There are two 5 Compass museums in the western United States devoted to the fur trade, the 1st fortune-creating business in North America with a huge St. Louis connection and generator of America’s 1st multi-millionaire. One museum is in Pinedale, Wyoming, the Museum of the Mountain Man. The other, the Museum of the Fur Trade, is in Chadron, Nebraska. The Wyoming museum is excellent but the Nebraska one is far more comprehensive and, well, exhausting. It’s the kind of attraction, like Walt Disney World, that one leaves feeling frustrated that he or she didn’t see enough.
The Museum of the Mountain Man’s strength is its focus on the first men who explored The West. I say men because Ruth isn’t here right now and I’ve never heard of a Mountain Woman who was engaged in the fur trade. These rough guys are the early explorers who are celebrated in the Academy Award winning movie The Revenant. The Museum of the Fur Trade is far more comprehensive because it attempts to tell the entire tale of the development of the fur trade in North America. I was not surprised to learn that a historian/author named Jim Hanson is using its research library to craft a 6 volume encyclopedia of the fur trade. He’s half way through this project. Hanson has also written a book called When Skins Were Money that has been adapted into a film. We saw it before exploring The Museum of the Fur Trade.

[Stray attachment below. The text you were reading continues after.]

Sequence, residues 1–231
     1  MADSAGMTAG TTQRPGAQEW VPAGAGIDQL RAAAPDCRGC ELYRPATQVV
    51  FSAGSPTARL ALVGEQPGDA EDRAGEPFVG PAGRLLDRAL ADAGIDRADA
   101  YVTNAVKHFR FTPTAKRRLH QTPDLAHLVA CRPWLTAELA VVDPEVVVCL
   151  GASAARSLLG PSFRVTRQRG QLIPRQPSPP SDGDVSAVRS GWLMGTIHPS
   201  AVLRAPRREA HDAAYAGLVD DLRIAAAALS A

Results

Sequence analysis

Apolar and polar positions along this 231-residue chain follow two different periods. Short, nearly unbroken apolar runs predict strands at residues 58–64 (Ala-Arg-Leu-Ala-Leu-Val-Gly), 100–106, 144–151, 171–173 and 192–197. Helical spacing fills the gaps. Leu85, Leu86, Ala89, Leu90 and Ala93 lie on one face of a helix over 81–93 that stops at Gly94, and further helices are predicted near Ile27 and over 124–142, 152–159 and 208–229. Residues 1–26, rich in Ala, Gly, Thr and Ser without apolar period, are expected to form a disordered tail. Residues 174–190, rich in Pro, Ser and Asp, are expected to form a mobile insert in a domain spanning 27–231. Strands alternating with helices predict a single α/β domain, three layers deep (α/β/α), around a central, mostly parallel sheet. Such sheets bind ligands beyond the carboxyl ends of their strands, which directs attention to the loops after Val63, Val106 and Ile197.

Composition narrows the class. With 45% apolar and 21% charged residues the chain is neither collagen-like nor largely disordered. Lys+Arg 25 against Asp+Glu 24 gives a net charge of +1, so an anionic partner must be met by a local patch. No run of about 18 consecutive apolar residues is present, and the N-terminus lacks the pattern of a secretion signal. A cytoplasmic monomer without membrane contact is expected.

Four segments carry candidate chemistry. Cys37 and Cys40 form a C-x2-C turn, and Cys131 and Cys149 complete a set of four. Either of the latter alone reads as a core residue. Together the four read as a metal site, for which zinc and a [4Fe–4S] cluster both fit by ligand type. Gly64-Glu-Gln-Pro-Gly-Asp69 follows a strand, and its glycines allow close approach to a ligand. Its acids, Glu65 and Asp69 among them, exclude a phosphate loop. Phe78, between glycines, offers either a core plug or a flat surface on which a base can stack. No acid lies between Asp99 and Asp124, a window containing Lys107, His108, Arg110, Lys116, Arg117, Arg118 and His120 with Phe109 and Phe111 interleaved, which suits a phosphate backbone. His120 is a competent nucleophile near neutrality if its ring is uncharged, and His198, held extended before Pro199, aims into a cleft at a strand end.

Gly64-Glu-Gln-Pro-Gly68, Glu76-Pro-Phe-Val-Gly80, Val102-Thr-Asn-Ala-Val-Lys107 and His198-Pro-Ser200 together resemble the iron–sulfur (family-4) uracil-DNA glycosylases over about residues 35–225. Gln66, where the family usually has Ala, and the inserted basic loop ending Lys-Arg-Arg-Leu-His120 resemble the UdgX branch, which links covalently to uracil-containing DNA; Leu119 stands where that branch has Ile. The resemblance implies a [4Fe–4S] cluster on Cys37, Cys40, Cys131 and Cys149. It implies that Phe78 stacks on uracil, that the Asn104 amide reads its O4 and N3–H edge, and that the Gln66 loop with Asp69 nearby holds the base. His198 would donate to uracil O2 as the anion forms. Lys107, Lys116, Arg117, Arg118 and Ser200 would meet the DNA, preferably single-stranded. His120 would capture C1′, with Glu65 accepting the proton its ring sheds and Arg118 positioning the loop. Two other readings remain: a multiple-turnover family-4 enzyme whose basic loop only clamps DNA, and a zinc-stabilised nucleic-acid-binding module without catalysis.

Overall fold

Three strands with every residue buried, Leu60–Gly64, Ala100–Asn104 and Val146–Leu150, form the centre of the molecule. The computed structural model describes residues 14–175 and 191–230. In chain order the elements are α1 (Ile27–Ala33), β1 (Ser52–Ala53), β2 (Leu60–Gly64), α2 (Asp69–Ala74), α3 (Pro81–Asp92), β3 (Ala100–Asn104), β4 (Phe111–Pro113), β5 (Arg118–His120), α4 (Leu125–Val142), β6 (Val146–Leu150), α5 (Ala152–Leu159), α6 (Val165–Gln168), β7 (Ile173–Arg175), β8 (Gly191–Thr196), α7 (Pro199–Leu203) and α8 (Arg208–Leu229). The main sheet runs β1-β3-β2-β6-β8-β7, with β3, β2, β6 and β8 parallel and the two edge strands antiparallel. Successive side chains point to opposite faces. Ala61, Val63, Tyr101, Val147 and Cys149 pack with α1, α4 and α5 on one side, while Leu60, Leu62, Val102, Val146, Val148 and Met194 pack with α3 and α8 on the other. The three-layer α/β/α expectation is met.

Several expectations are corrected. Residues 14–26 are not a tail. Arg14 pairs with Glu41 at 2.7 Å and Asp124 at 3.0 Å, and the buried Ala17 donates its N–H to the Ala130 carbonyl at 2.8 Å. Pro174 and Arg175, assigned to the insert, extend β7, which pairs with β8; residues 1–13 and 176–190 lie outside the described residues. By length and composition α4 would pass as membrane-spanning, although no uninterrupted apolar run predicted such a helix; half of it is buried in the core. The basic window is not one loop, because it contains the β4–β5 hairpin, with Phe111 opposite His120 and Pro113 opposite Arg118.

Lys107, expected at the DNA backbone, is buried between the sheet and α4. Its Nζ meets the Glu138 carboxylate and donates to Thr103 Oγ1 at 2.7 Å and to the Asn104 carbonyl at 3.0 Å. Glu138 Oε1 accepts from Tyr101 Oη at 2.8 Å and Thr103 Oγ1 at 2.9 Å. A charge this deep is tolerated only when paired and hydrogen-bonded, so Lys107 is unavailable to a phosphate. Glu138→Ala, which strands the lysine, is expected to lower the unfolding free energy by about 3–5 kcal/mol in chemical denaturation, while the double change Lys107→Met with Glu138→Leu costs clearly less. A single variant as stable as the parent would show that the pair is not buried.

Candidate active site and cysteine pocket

Another difference between these 2 museums is that modern Mountain Man sits atop a hill overlooking Pinedale while Fur Trade is 3 miles east of Chadron. It’s outside the town because it’s on the site of the Bordeaux Trading Post. This trading house was built in 1837 by a Missourian named James Bordeaux, who ran it for the Sioux successfully while marrying 2 Sioux sisters. He finally moved on to Fort Laramie.
He was not, however, America’s first multi-millionaire. The fur trade king was John Jacob Astor who established the American Fur Company and looks pretty self-satisfied in his portrait below. It does not surprise me that Astoria, Oregon, exists but it does surprise me that neither man has been the subject of a big movie. The Revenant, Part 2?
The Museum of the Fur Trade’s logo is a clever fox in a circle. It was invented as an inspector’s mark on guns made exclusively for the Native American trade. Indian customers knew to look for the fox on the lock and the barrel to know that the gun had quality. This museum contains room after room of weapons, costumes, beads, feathers, etc. I liked the masks, especially the Cherokee Rattlesnake one. Ruth doted on the historic textiles and blankets, and she often came to get me to see her favorites.
If you think that Canada, Russia, the Arctic, etc. have been left out of the story of the fur trade, head for Chadron and be astounded.